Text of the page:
Last month I spent an afternoon drinking tea, working my way through a plate of finger food, and literally running around Casa Loma. The food and tea were part of High Tea at Casa Loma, a Winterlicious culinary event organized by the Liberty Group and featuring George Brown culinary students. Besides giving me the opportunity to sit down for tea in the beautiful sunlit Conservatory, the event itself wasn’t particularly noteworthy. But I was surprised to find out, after living within 3 km of Casa Loma for over a decade, that exploring Casa Loma makes for one fun afternoon in Toronto!
High tea was served in the Conservatory, Library and Billiard Room.
The food…was not very good (although not bad). It looks pretty but the offerings were either tasteless or slightly stale tasting or just not particularly interesting. Breads and sweets were (rather randomly) offered as well. There were two tea options – David’s Tea “read my lips” and “berry good organic,” I think – the first cup had to be picked up from the David’s Tea stand in the Library. Maybe this was meant to help promote David’s Tea but it was an inconvenient setup.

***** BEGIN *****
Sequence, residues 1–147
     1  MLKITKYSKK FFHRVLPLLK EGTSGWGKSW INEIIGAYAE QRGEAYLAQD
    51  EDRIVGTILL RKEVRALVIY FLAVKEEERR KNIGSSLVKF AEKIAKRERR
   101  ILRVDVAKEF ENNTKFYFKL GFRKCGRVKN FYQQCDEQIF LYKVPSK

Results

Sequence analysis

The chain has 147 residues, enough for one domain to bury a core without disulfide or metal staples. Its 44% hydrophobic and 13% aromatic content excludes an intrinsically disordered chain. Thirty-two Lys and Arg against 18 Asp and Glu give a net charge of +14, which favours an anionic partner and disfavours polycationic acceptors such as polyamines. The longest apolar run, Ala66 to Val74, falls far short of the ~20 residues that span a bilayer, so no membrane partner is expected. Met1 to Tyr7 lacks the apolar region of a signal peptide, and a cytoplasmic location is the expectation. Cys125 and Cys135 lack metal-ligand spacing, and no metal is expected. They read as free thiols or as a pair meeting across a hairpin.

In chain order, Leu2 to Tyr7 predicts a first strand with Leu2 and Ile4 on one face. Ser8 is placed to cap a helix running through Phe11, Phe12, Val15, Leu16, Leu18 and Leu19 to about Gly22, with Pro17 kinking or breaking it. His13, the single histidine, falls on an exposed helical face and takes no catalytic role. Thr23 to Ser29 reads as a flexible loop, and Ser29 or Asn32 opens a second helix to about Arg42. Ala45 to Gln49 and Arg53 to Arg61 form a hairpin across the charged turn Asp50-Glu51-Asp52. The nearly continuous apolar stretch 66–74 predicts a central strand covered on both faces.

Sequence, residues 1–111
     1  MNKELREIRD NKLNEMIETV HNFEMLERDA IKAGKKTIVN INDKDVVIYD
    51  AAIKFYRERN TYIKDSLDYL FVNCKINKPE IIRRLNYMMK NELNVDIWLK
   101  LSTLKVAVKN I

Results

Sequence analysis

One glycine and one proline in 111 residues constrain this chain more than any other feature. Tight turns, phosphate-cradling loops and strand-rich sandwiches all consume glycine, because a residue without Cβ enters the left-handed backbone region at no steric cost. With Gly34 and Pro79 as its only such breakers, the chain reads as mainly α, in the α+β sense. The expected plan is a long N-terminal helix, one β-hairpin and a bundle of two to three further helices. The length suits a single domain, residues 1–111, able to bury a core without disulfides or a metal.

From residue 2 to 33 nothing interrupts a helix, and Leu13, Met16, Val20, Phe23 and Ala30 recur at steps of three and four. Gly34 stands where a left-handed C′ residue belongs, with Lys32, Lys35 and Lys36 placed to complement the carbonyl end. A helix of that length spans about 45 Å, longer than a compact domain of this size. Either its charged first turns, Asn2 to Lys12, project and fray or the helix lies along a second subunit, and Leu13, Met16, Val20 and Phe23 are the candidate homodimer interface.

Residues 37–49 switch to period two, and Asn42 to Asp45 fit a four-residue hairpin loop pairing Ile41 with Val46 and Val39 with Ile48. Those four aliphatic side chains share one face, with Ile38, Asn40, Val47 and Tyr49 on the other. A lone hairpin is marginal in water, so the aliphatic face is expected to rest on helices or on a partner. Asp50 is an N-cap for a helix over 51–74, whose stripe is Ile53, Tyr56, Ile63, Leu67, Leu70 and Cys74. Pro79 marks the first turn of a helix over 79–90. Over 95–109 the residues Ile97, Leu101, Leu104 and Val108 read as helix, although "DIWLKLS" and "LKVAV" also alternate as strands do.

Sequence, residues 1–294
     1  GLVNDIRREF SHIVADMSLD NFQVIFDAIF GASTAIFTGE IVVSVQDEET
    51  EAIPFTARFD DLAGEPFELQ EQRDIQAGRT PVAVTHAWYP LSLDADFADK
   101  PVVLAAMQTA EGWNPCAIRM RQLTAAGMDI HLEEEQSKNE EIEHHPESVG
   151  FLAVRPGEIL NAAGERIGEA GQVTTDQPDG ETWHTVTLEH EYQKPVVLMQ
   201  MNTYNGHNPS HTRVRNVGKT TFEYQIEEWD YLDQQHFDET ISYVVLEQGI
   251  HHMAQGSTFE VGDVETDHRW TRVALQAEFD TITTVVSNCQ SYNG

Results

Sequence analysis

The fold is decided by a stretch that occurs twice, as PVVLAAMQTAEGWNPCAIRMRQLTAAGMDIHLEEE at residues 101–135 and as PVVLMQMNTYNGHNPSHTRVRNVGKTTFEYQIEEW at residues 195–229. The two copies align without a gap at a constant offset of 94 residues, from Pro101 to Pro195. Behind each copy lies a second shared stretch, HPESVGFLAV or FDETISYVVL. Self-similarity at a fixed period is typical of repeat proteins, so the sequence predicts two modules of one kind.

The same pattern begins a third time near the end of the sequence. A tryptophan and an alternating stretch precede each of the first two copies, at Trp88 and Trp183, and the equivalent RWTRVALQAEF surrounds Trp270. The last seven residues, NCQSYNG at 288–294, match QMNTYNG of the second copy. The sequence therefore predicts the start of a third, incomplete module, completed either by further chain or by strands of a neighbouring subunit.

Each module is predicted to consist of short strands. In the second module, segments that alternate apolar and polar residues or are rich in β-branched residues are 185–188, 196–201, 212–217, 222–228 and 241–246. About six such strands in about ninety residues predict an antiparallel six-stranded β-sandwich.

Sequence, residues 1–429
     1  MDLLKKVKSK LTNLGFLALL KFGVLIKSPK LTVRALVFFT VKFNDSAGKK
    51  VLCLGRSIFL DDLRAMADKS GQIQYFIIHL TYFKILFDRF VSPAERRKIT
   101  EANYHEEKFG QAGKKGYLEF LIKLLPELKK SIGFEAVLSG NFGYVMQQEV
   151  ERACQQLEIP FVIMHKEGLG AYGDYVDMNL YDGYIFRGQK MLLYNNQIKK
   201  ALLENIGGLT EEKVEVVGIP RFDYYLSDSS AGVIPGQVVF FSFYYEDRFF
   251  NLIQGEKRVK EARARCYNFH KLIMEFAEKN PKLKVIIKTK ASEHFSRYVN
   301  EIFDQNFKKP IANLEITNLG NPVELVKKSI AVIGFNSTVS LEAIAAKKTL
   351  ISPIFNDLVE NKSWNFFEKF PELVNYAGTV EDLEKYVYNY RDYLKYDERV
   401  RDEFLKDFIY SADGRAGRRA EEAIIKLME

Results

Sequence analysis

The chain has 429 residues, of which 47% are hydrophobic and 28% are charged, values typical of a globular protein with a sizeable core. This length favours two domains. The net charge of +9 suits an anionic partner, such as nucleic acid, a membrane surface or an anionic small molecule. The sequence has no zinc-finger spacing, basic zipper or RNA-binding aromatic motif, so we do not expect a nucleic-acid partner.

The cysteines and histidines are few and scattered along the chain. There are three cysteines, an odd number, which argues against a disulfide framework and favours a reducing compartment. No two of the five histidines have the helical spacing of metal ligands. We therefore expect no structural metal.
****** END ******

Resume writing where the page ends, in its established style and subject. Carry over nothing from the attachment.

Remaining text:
Sir Henry Pellatt’s Suite is one of the many spaces on the second floor. Some history and room features are highlighted via an audio guide (included with admission).
A slightly eerie 800 feet tunnel connects Casa Loma to the Stables, Garage, and Potting Shed. It’s cold down there in the winter.
This 1910 Maxwell Q 2 is one of a few cars on display in the Garage.
Years of gum and graffiti in one of the towers reached via stairs from the third floor.
Don’t miss the creepy looking, never finished, swimming pool on the lower level.
The “World’s Tallest High Tea Stand” in the Great Hall.
Program and contents of the gift bag. A ticket to the event was under $40 including fees.
Casa Loma on a winter day is rather lovely but I imagine it’s even better in the summer when the gardens are open.
It took me a while but I can finally recommend visiting Casa Loma to Torontonians and visitors alike. It may not be “old” (it’s just shy of 100 years old) but it’s worth exploring. Attention to detail is evident in every room and there are interesting features throughout Casa Loma. If you’re from Toronto I recommend going during one of the many events held there throughout the year.